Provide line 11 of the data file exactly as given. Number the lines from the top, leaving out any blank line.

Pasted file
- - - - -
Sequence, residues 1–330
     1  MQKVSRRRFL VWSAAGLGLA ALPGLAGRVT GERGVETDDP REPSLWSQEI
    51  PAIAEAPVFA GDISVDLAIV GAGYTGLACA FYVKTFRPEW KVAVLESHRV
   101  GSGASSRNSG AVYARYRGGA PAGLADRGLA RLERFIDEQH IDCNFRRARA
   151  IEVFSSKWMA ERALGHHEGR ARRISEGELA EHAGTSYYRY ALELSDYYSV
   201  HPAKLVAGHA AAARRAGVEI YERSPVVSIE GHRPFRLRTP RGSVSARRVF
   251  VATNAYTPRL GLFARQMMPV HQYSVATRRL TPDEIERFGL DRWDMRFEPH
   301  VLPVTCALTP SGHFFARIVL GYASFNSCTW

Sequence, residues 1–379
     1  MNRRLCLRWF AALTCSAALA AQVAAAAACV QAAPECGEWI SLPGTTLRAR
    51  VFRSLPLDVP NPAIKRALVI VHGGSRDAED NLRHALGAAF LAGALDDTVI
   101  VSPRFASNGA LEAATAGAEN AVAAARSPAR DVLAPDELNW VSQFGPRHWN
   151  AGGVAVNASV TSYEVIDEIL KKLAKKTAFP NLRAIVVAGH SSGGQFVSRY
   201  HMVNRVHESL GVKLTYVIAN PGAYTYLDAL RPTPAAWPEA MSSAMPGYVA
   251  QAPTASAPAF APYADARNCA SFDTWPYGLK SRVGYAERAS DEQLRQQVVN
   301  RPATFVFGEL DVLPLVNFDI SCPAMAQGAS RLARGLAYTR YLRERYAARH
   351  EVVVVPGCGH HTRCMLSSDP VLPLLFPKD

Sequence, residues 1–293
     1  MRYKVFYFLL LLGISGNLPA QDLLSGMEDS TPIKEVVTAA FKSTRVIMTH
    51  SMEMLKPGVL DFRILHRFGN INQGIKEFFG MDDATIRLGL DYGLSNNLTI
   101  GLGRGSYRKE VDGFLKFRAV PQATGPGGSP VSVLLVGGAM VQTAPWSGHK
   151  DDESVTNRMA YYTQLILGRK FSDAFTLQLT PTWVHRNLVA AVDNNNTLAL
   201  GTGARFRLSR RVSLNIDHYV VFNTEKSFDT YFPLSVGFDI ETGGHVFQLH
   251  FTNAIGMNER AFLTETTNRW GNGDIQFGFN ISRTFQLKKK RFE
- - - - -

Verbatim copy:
    51  VFRSLPLDVP NPAIKRALVI VHGGSRDAED NLRHALGAAF LAGALDDTVI